Advertising is a communications function in the Government of Canada. As such, advertising is subject to the Policy on Communications and Federal Identity, the Directive on the Management of Communications, which includes Mandatory Procedures for Advertising, as well as the FIP Manual.
Overview of requirements for advertising
In the Government of Canada, “advertising” refers to any message conveyed in Canada or abroad and paid for by the government for placement in the media including but not limited to newspapers, television, radio, cinema, billboards and other out-of-home media, mobile devices, the Internet, and any other digital medium.
1. Technical specifications
All Government of Canada advertising must comply with Policy on Communications and Federal Identity requirements and be clearly identified with the official symbols. The requirements for advertising are found in the following technical specifications:
Deputy heads are responsible for overseeing the administration of the Government of Canada's corporate identity within their departments. Heads of communications are responsible for ensuring compliance with the requirements in the Directive on the Management of Communications. This includes coordinating the use of the official symbols based on mandatory specifications for all fields of application.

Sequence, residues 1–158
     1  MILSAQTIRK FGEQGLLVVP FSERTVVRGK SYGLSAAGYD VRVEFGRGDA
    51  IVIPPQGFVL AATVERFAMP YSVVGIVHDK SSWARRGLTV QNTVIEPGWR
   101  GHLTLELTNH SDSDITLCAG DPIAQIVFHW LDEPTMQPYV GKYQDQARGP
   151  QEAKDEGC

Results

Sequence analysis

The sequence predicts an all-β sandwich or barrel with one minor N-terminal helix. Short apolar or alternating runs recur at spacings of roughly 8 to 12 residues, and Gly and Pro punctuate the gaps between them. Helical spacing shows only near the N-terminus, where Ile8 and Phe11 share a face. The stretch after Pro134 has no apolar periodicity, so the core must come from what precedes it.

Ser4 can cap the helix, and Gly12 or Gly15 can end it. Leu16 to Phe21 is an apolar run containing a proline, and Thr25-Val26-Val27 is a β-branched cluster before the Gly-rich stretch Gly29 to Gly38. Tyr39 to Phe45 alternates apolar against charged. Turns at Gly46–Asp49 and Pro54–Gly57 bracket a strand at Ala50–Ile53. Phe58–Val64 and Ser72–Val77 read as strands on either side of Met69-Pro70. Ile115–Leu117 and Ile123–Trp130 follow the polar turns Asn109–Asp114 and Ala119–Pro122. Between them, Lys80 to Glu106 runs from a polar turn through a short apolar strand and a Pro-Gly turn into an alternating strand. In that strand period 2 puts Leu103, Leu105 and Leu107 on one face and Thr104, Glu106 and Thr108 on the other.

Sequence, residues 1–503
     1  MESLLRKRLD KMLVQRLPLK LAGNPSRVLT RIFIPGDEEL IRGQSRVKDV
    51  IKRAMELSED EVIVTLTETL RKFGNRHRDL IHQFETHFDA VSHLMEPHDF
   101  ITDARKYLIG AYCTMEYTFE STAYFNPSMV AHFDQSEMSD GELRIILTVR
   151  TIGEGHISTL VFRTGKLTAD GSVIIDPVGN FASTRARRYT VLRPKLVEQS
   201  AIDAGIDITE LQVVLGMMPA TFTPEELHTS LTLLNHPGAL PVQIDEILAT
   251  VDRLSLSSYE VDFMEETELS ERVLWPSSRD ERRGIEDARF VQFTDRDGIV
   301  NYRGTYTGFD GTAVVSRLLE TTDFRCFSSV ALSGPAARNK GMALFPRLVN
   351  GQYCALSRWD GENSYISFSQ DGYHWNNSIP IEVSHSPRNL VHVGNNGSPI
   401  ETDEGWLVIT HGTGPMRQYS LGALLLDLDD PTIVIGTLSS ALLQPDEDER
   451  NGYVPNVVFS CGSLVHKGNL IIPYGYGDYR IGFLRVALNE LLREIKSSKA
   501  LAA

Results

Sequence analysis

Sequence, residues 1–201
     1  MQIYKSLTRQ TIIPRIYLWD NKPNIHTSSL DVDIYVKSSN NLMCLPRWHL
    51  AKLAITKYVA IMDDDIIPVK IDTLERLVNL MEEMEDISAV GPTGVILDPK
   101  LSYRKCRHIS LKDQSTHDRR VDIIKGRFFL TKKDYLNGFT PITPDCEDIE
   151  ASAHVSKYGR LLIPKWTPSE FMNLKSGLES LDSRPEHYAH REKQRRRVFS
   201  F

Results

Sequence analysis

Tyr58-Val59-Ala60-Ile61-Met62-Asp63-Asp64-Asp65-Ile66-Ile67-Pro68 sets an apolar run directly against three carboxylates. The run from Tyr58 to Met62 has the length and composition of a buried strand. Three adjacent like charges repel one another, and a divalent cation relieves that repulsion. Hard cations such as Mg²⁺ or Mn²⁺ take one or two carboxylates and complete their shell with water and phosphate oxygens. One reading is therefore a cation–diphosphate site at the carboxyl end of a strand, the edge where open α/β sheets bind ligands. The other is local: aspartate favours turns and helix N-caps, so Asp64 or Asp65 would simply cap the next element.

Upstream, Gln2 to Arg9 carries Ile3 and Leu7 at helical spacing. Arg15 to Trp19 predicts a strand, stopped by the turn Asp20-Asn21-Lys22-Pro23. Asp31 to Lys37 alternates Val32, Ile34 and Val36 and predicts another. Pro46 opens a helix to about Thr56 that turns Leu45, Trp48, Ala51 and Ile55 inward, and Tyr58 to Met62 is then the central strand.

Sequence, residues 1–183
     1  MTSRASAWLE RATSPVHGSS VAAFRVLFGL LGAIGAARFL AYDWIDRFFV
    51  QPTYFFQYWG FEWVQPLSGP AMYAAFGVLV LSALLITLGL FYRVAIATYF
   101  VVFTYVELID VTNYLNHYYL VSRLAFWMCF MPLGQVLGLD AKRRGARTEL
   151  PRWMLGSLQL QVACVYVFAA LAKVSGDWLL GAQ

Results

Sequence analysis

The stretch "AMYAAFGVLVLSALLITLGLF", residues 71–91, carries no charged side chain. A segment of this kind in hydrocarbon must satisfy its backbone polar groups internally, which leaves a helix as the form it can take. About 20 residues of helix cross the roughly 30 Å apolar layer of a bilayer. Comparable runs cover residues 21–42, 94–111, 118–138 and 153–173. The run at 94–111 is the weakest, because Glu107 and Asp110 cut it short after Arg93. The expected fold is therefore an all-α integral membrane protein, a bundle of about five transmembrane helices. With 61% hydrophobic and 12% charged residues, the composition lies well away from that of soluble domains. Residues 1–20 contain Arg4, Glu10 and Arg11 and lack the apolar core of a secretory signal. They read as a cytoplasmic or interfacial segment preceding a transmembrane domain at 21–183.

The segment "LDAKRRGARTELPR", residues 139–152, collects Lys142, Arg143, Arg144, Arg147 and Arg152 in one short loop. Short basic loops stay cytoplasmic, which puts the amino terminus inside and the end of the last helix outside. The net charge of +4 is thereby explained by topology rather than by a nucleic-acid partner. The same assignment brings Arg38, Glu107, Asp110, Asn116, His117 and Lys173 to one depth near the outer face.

3. Official symbols
The official symbols of the Government of Canada are used to identify advertising purchased and placed by the government to inform Canadians about their rights or responsibilities, about government policies, programs, services or initiatives, or about dangers or risks to public health, safety or the environment. Departments may only use symbols that have been approved by the Treasury Board for their advertising activities.
Departments that do not have an approved applied title use the Government of Canada signature until the required approvals have been received.
4. Other marks, symbols or graphic elements
Communications products often include creative designs and graphics. However, the Policy on Communications and Federal Identity requires Treasury Board approval in order to replace the department's official symbols or to add an additional identifying symbol to their corporate identity. This applies to all logos used to identify a department's programs, services, assets, products, and internal and external activities.
A logo is a graphic mark, emblem or symbol adopted by an individual or organization to aid or promote recognition. Logos can be purely graphic or can feature the name of the organization in a special typeface (e.g., logotype).
5. Official languages
The requirements for the order of official languages are detailed in T-125 - Official Languages in Signatures.
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